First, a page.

Cake: Without wheat or leavening agents, creating a Passover-friendly cake can seem like a real challenge — but not with these recipes. Faye Levy's Passover Sponge Cake with Apples is a perfectly light sponge cake made with matzo cake meal (finely ground matzo), and has a layer of cinnamon-spiced apples in the middle. Selma Frishling's Passover Nut Cake recipe by Molly O'Neill uses egg whites to achieve an incredible fluffiness, and with the addition of ground walnuts has a rich, nutty flavor. And if you're looking to really spoil your guests, serve up Gina DePalma's Yogurt Cheesecake with Pine Nut Brittle, a crustless cheesecake topped with sweet, crunchy pine nut brittle that will leave everyone feeling full and impressed.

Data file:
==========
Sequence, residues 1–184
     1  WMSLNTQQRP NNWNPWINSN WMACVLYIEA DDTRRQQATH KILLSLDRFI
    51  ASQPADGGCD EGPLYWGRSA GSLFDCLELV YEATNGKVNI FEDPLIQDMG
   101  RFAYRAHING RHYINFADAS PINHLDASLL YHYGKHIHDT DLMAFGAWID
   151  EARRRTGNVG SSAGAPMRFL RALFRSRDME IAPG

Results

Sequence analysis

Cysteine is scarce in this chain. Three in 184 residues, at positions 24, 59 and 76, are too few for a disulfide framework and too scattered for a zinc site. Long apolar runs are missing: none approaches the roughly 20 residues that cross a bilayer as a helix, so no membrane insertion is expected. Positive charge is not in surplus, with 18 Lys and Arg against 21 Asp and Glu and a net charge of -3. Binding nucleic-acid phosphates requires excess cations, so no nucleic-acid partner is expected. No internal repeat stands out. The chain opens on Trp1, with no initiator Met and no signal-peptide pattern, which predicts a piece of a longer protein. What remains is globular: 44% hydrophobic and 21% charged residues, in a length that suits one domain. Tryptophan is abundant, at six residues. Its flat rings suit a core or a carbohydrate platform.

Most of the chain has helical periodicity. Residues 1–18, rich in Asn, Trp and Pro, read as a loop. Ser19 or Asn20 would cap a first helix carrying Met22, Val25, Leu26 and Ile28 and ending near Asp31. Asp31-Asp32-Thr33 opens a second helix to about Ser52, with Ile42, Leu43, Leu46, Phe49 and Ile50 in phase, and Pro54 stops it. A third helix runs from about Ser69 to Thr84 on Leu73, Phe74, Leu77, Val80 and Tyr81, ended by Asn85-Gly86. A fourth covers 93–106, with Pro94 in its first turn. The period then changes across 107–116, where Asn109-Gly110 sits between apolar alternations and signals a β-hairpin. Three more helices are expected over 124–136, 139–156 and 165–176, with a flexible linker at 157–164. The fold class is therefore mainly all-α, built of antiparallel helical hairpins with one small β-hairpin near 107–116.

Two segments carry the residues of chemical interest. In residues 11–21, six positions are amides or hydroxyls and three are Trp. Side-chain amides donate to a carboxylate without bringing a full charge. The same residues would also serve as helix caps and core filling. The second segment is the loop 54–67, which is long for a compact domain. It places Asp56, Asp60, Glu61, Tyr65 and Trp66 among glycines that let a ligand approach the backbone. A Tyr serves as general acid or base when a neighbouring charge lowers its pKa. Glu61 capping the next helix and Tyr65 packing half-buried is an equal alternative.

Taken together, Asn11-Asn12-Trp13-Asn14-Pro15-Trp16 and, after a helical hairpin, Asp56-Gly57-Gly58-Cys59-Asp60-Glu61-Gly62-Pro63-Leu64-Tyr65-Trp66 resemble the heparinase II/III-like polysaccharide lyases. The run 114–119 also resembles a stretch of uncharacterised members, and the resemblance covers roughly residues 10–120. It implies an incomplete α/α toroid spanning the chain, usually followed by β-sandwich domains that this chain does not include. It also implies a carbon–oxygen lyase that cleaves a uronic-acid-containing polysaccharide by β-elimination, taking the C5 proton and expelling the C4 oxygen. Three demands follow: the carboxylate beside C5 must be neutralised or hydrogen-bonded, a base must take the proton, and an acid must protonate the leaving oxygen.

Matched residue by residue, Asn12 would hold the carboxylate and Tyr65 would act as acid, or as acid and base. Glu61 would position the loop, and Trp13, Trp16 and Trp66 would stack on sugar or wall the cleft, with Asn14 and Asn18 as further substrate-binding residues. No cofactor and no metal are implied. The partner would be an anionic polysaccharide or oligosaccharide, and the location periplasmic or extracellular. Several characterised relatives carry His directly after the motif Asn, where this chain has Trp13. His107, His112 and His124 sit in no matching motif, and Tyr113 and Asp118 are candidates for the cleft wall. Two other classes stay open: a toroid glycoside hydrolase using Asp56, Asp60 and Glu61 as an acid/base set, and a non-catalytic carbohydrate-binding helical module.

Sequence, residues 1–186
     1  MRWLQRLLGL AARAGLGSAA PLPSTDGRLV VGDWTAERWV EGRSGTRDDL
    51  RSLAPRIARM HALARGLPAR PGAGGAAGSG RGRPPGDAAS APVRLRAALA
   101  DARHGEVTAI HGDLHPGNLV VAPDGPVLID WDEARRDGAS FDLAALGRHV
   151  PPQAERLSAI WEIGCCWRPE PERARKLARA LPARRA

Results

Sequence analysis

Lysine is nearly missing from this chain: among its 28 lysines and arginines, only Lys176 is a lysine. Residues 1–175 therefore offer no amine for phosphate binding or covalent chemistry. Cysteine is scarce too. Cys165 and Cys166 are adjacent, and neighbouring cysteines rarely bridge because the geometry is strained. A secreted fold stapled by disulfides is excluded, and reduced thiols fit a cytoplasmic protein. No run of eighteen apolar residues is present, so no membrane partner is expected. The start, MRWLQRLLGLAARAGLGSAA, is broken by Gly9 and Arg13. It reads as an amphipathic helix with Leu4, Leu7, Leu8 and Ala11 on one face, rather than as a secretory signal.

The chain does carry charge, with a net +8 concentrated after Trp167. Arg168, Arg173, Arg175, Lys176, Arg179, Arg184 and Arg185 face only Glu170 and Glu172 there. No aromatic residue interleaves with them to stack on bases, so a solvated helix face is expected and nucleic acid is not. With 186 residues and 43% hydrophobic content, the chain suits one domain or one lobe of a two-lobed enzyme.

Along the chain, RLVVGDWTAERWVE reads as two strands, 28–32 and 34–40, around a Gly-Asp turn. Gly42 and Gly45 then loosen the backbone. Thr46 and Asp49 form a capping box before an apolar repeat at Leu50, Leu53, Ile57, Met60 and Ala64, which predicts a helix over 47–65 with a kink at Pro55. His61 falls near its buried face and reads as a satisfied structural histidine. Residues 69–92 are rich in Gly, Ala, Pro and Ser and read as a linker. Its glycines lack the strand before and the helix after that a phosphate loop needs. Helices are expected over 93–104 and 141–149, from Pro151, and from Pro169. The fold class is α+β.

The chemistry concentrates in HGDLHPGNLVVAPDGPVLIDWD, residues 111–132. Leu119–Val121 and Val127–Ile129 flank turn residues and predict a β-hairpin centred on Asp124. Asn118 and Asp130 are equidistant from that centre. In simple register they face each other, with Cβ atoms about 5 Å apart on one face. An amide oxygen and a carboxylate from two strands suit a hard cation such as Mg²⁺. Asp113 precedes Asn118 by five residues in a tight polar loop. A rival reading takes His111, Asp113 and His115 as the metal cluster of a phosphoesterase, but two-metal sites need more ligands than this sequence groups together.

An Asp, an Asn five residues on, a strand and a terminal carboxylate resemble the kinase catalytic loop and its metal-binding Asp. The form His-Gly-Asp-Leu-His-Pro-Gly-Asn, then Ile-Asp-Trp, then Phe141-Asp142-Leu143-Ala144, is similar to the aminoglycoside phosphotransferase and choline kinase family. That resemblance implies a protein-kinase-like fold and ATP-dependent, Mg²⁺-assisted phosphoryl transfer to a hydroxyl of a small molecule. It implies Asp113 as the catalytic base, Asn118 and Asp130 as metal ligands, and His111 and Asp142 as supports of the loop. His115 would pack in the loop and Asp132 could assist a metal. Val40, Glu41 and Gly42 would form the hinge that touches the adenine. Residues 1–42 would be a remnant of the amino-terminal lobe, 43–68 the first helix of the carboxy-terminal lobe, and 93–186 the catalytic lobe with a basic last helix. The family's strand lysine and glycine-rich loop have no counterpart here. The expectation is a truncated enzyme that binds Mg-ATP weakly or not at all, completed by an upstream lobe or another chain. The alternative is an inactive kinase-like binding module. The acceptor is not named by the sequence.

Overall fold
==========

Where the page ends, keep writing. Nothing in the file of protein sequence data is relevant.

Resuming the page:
Coconut Macaroons: Of all the Passover desserts, coconut macaroons are perhaps the best known. Sweet and sticky, they often come in a can and are flavored chocolate or vanilla. Many Jewish children (and adults!) relish these treats at Passover. But if you're ready to graduate from the canned variety and are looking for a macaroon that is crisp on the outside and moist on the inside and actually tastes like coconut, then look no further than Elinor Klivans' Jumbo Black Bottom Coconut Macaroons. The bottoms of these cookies are dipped in glossy chocolate for a decidedly sophisticated appearance.
Mousse: An individual-sized ramekin of mousse is a truly elegant end to a meal. Peggy Knickerbocker's Lemon Mousse with Fresh Blueberries is a refined way to celebrate springtime, with its light lemon flavor and sweet blueberries. If you're more of a chocolate person, Robert Steinberg and John Scharffenberger's Frozen Chocolate Mousse is so richly chocolately that it almost tastes like a gelato.